Gergely Baics joined the Barnard History Department in 2010. He holds a joint appointment with the Urban Studies Program, where he is Helman Endowed Faculty Chair. He is affiliated with the Empirical Reasoning Center.
Baics's scholarly interests include modern urban history, 19th-century American economic and social history, trans-Atlantic population history, historical GIS, and social science history methods. He is the author of Feeding Gotham: The Political Economy and Geography of Food in New York, 1790-1860 (Princeton University Press, 2016). His work has been supported by the American Council of Learned Societies, the Max Weber Programme at the European University Institute, the Andrew W. Mellon Foundation Fellowship at the New-York Historical Society, and the Presidential Research Award at Barnard. His articles have appeared in the Journal of Urban History, Urban History, the Annals of the American Association of Geographers, and Planning Perspectives.
Baics is currently at work on a new book project, Transitional City: An Atlas of Social Distance in Mid-Nineteenth-Century New York. He is working on several coauthored articles, exploring density and social heterogeneity in American cities in 1880, measuring socially meaningful distance in the historical city, and mapping Copenhagen in the late 19th to early 20th century. He is also one of the co-principal investigators on "Mapping Historical New York: A Digital Atlas," a public spatial history project based at Columbia’s History Department and the Center for Spatial Research (GSAPP).
Baics is a recipient of the Gladys Brooks Teaching Award at Barnard. He offers lectures and seminars on transnational and American urban history, including “Colonial Cities of the Americas, c. 1500-1800”; “Emerging Cities: 19th-Century Urban History of the Americas and Europe”; “19th-Century New York City Spatial History”; “Urban Studies Junior Seminar”; “History Department Senior Thesis Seminar.”
- B.A., ELTE University, Budapest, 2002
- M.A., Central European University, Budapest, 2003
- M.A., Ph.D., Northwestern University, 2009
- Urban history
- American economic and social history
- Historical GIS
Feeding Gotham: The Political Economy and Geography of Food in New York, 1790-1860 (Princeton University Press, 2016, paperback 2018)
Gergely Baics, Wright Kennedy, Rebecca Kobrin, Laura Kurgan, Leah Meisterlin, Dan Miller, Mae Ngai. Mapping Historical New York: A Digital Atlas. New York, NY: Columbia University. 2021. https://mappinghny.com
- Columbia News: A Digital Map of Historical New York Offers an Extraordinary Level of Detail (article)
"The Social Geography of Near and Far: Built Environment and Residential Distance in Mid-Nineteenth-Century New York City," Urban History 47, no. 3 (2020), 512-34
“The Grid as Algorithm for Land Use: A Reappraisal of the 1811 Manhattan Grid,” [with Leah Meisterlin], Planning Perspectives 34, no. 3 (2019), 391-414
“Introduction: Meat and the Nineteenth-Century City,” [with Mikkel Thelle], Urban History 45, no. 2 (2018), 184-92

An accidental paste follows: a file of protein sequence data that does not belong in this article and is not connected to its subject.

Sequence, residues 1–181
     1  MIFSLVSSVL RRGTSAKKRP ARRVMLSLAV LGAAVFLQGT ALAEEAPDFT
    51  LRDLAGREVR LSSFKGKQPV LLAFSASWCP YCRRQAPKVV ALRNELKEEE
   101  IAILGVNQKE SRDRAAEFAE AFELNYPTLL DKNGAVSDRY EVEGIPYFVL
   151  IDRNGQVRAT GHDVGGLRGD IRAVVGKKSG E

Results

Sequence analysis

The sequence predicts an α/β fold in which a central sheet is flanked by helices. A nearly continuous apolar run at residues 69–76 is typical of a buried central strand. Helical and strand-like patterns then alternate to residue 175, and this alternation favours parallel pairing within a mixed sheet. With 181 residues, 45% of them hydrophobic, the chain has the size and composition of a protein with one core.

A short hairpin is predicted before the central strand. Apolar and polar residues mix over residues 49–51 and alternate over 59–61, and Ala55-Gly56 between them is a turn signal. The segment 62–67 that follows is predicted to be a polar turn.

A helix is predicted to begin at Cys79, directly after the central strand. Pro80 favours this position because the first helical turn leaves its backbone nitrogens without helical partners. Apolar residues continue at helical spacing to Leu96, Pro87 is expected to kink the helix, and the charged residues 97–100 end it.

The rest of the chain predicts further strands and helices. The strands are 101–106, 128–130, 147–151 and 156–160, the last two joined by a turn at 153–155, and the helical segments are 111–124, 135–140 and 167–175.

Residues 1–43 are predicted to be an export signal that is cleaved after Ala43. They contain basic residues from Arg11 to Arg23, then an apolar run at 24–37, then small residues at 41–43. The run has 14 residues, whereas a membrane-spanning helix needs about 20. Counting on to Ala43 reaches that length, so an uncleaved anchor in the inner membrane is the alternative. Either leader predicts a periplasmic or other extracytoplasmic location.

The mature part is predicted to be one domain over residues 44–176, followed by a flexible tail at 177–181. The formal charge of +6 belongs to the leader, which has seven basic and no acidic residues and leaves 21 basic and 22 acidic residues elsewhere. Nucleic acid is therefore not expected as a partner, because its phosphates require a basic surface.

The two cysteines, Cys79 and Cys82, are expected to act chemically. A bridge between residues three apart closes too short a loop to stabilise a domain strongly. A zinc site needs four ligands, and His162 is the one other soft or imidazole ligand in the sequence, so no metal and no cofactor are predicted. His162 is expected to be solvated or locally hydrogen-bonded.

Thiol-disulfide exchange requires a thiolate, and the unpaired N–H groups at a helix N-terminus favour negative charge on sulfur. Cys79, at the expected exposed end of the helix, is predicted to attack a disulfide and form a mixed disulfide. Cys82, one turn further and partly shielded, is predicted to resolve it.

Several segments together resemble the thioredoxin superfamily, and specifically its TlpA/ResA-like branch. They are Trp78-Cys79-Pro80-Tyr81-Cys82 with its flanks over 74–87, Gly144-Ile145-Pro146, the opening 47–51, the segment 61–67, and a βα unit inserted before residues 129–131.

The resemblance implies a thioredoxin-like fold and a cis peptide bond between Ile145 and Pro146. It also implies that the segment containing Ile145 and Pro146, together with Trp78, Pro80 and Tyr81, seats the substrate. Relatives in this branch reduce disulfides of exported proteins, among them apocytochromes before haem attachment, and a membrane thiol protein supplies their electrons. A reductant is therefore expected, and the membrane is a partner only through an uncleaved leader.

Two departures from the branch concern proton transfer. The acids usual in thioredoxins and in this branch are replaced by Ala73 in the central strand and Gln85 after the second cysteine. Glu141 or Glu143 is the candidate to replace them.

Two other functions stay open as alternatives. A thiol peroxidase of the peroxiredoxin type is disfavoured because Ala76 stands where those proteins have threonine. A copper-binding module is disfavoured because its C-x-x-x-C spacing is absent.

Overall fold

“Zoning Before Zoning: Land Use and Density in Mid-Nineteenth-Century New York City,” [with Leah Meisterlin], Annals of the American Association of Geographers 106, no. 5 (2016), 1152-75
- CITYLAB: Density and Class in Early Manhattan (blog)
“The Geography of Urban Food Retail: Locational Principles of Public Market Provisioning in New York City, 1790-1860,” Urban History 43, no. 3 (2016), 435-53
“Meat Consumption in Nineteenth-Century New York: Quantity, Distribution, and Quality, or Notes on the ‘Antebellum Puzzle,’” in Institutions, Innovation, and Industrialization: Essays in Economic History and Development, ed. Avner Greif, Lynne Kiesling, and John Nye (Princeton University Press, 2015), 97-127
“Is Access to Food a Public Good? Meat Provisioning in Early New York City, 1790-1820,” Journal of Urban History 39, no. 4 (2013), 643-68
"Feeding Gotham: A Social History of Urban Provisioning, 1780-1860,” Journal of Economic History 71, no. 2 (2011), 475-80 [Dissertation Summary]
"Meat and the Nineteenth-Century City,” [guest editor with Mikkel Thelle], Urban History 45, no. 2 (2018), 184-274
“Myth 10: Example of Laissez-Faire Planning” [with Leah Meisterlin], in “The Manhattan Street Grid Plan: Misconceptions and Corrections,” series by Jason M. Barr and Gerard Koeppel, The Gotham Center for New York City History Blog (April 2019)
“Myth 9: System of Block and Lot Divisions” [with Leah Meisterlin], in “The Manhattan Street Grid Plan: Misconceptions and Corrections,” series by Jason M. Barr and Gerard Koeppel, The Gotham Center for New York City History Blog (Jan. 2019)
"How Did Meat Provision Work in the Nineteenth-Century City?" [with Mikkel Thelle], Cambridge Core Blog, Humanities (July 2018)
"Market System: The Case of Early New York,” Food+City. How We Feed Our Cities 3 (Nov. 2017)
“Mapping as Process: Food Access in Nineteenth-Century New York,” Global Urban History (May 2016)
“Old Maps, New Tricks: Historical Maps and Data Visualization,” [with Leah Meisterlin], Urban Omnibus (June 2015)
Barnard’s Empirical Reasoning Center has grown exponentially over the decade — from a lab with part-time staff to a thriving resource for faculty, students, staff, and the community beyond the College’s gates.
Read about the latest accomplishments from the Barnard community.